School is almost over and Rachel Berry is not willing to spend all summer letting her talents rot away. Instead, she had a star powered summer planned. But Mr. Schuester has other plans. He wants the Glee club to become counselors for a Youth Musical Camp. When Rachel hits her head, she gets a taste of what the stardom is all about. She returns to McKinley High for a performance and finds that nothing is the same.
For me, this was the weakest story of the three so far. Although there is character development, it is caused by what is clearly a dream (and a very unrealistic dream at that). On top of that, there is no goal or driving force to the story. Rachel has nothing specific she’s working for (sure there’s the general non-specific plan to become a famous Broadway star, but that isn’t really an immediately attainable goal, at least the way this is presented).
It would have been nice for them to make it clear when this story is meant to take place in the Glee world a little earlier. It isn’t until a few chapters in when they mention things that help you place it in the larger story. Yet even those details contradict with events on the show (such as various relationships and who is together when). The characters themselves seemed a bit more caricature than the true personalities we have come to know.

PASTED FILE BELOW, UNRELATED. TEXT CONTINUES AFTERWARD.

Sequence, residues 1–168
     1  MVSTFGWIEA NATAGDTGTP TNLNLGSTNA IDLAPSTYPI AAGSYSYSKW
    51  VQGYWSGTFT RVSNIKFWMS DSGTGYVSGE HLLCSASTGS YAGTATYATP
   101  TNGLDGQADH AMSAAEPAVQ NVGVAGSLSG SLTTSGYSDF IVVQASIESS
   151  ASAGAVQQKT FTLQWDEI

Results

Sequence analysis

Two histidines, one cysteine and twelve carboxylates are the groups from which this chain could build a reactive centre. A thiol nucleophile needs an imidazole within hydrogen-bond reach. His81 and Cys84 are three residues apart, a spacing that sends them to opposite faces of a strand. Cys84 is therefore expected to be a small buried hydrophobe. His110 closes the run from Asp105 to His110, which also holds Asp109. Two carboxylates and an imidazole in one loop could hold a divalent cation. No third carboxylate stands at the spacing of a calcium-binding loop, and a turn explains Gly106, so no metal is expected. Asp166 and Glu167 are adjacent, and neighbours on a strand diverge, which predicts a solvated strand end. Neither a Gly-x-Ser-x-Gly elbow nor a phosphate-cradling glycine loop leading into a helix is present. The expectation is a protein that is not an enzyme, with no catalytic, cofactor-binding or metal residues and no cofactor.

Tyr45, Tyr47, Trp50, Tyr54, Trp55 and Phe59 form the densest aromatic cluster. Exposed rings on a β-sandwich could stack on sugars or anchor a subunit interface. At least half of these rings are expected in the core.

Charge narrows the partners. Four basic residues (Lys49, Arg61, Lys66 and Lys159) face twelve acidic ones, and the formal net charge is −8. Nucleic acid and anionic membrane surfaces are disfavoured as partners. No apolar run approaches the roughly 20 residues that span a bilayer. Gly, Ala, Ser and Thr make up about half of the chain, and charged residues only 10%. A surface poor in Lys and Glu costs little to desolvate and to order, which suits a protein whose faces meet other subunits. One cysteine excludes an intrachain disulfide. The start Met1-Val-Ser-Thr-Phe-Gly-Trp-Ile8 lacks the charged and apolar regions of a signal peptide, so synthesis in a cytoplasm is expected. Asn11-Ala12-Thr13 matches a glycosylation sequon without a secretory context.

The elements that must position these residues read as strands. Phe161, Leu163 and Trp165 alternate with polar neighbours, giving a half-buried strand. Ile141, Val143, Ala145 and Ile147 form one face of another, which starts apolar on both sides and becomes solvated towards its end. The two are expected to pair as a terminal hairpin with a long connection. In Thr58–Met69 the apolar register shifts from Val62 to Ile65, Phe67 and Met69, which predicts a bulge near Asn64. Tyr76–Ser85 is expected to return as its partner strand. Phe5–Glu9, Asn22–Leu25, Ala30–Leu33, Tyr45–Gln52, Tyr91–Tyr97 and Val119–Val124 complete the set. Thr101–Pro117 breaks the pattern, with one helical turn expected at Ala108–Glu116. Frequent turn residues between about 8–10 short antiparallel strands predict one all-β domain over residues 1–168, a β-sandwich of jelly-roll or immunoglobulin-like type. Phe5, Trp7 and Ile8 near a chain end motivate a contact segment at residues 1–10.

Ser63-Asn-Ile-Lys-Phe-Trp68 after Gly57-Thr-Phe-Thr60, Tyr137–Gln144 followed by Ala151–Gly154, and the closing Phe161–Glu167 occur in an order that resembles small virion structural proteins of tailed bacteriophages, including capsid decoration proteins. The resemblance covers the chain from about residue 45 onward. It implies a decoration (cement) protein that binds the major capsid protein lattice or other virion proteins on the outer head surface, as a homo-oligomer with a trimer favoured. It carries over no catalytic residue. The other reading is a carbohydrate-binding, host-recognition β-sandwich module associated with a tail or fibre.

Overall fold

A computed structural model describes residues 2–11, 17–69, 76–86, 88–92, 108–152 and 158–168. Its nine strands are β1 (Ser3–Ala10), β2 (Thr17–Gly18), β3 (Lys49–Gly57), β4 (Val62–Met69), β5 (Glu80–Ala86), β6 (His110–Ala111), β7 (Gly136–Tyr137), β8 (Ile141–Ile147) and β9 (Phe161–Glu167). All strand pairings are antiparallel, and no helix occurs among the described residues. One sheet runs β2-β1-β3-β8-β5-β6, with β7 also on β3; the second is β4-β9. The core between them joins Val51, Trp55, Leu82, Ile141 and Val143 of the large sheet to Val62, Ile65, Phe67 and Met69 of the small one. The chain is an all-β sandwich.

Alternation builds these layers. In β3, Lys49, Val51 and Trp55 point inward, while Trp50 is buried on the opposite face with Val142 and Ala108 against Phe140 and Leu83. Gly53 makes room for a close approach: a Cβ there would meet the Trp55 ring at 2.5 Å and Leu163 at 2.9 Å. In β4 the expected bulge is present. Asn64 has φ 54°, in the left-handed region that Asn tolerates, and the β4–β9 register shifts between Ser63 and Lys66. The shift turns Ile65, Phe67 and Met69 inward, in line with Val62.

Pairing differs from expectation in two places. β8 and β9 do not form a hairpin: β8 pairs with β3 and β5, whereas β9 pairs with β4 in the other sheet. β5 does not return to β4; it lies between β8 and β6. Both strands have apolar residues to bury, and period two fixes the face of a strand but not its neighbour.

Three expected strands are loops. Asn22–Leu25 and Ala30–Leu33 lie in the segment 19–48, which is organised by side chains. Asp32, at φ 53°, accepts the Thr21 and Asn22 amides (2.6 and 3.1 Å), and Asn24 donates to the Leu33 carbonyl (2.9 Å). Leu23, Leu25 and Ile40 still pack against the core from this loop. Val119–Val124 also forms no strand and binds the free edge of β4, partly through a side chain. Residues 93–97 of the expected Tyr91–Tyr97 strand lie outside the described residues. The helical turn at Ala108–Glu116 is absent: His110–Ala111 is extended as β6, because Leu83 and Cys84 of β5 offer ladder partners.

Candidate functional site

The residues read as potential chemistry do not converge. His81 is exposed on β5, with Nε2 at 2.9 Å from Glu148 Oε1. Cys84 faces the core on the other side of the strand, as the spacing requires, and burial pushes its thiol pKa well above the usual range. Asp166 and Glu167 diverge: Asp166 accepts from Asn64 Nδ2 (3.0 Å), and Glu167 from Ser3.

Much as I love Rachel, I would have liked to know more about the other characters (the other books usually spend a bit more time on everyone else but everyone’s issues were resolved within minutes).
Considering that dream stories are general the bane of an editor’s existence, I am surprised this story didn’t get stopped before it was written. Overall, this book doesn’t fit in with the fun reading of the other books. It lacks the substance and true character.